The joy which this great success excited in Rome had its echo in the Roman custom, continued down to a late age, of concluding the festal games with a "sale of Veientes," at which, among the mock spoils submitted to auction, the most wretched old cripple who could be procured wound up the sport in a purple mantle and ornaments of gold as "king of the Veientes." The city was destroyed, and the soil was doomed to perpetual desolation. Falerii and Capena hastened to make peace; the powerful Volsinii, which with federal indecision had remained quiet during the agony of Veii and took up arms after its capture, likewise after a few years (363) consented to peace. The statement that the two bulwarks of the Etruscan nation, Melpum and Veii, yielded on the same day, the former to the Celts, the latter to the Romans, may be merely a melancholy legend; but it at any rate involves a deep historical truth. The double assault from the north and from the south, and the fall of the two frontier strongholds, were the beginning of the end of the great Etruscan nation.
The Celts Attack Rome-- Battle On The Allia-- Capture Of Rome
For a moment, however, it seemed as if the two peoples, through whose co-operation Etruria saw her very existence put in jeopardy, were about to destroy each other, and the reviving power of Rome was to be trodden under foot by foreign barbarians. This turn of things, so contrary to what might naturally have been expected, the Romans brought upon themselves by their own arrogance and shortsightedness.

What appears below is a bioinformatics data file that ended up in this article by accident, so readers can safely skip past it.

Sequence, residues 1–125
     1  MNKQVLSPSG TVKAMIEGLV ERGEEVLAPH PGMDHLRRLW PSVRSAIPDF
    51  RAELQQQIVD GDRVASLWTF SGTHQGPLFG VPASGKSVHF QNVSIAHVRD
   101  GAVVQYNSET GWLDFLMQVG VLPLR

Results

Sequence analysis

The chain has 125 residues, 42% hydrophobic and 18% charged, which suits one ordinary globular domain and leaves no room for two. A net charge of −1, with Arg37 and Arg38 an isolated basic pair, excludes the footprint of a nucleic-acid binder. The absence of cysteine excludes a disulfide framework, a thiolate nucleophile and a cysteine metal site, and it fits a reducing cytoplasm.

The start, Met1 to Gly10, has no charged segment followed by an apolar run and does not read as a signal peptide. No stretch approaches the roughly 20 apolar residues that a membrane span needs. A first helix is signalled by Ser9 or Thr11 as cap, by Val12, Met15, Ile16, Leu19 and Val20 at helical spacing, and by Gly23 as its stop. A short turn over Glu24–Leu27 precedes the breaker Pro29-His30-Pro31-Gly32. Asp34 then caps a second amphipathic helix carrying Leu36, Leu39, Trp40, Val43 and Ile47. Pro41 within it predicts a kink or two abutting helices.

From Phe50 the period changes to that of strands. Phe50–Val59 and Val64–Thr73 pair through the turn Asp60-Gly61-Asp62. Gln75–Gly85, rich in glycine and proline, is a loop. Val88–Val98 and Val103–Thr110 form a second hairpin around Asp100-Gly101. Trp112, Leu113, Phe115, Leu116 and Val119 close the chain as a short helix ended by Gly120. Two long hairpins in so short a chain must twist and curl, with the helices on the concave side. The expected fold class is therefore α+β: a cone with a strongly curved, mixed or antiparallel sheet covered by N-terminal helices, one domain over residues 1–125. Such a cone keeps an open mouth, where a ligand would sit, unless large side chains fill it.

The Celtic swarms, which had crossed the river after the fall of Melpum, rapidly overflowed northern Italy--not merely the open country on the right bank of the Po and along the shore of the Adriatic, but also Etruria proper to the south of the Apennines. A few years afterwards (363) Clusium situated in the heart of Etruria (Chiusi, on the borders of Tuscany and the Papal State) was besieged by the Celtic Senones; and so humbled were the Etruscans that the Tuscan city in its straits invoked aid from the destroyers of Veii. Perhaps it would have been wise to grant it and to reduce at once the Gauls by arms, and the Etruscans by according to them protection, to a state of dependence on Rome; but an intervention with aims so extensive, which would have compelled the Romans to undertake a serious struggle on the northern Tuscan frontier, lay beyond the horizon of the Roman policy at that time. No course was therefore left but to refrain from all interference. Foolishly, however, while declining to send auxiliary troops, they despatched envoys. With still greater folly these sought to impose upon the Celts by haughty language, and, when this failed, they conceived that they might with impunity violate the law of nations in dealing with barbarians; in the ranks of the Clusines they took part in a skirmish, and in the course of it one of them stabbed and dismounted a Gallic officer. The barbarians acted in this case with moderation and prudence. They sent in the first instance to the Roman community to demand the surrender of those who had outraged the law of nations, and the senate was ready to comply with the reasonable request. But with the multitude compassion for their countrymen outweighed justice towards the foreigners; satisfaction was refused by the burgesses; and according to some accounts they even nominated the brave champions of their fatherland as consular tribunes for the year 364,(9) which was to be so fatal in the Roman annals. Then the Brennus or, in other words, the "king of the army" of the Gauls broke up the siege of Clusium, and the whole Celtic host--the numbers of which are stated at 70,000 men--turned against Rome. Such expeditions into unknown land distant regions were not unusual for the Gauls, who marched as bands of armed emigrants, troubling themselves little as to the means of cover or of retreat; but it was evident that none in Rome anticipated the dangers involved in so sudden and so mighty an invasion. It was not till the Gauls were marching upon Rome that a Roman military force crossed the Tiber and sought to bar their way. Not twelve miles from the gates, opposite to the confluence of the rivulet Allia with the Tiber, the armies met, and a battle took place on the 18th July, 364. Even now they went into battle--not as against an army, but as against freebooters--with arrogance and foolhardiness and under inexperienced leaders, Camillus having in consequence of the dissensions of the orders withdrawn from taking part in affairs. Those against whom they were to fight were but barbarians; what need was there of a camp, or of securing a retreat? These barbarians, however, were men whose courage despised death, and their mode of fighting was to the Italians as novel as it was terrible; sword in hand the Celts precipitated themselves with furious onset on the Roman phalanx, and shattered it at the first shock. The overthrow was complete; of the Romans, who had fought with the river in their rear, a large portion met their death in the attempt to cross it; such as escaped threw themselves by a flank movement into the neighbouring Veii. The victorious Celts stood between the remnant of the beaten army and the capital. The latter was irretrievably abandoned to the enemy; the small force that was left behind, or that had fled thither, was not sufficient to garrison the walls, and three days after the battle the victors marched through the open gates into Rome. Had they done so at first, as they might have done, not only the city, but the state also must have been lost; the brief interval gave opportunity to carry away or to bury the sacred objects, and, what was more important, to occupy the citadel and to furnish it with provisions for the exigency. No one was admitted to the citadel who was incapable of bearing arms--there was not food for all. The mass of the defenceless dispersed among the neighbouring towns; but many, and in particular a number of old men of high standing, would not survive the downfall of the city and awaited death in their houses by the sword of the barbarians.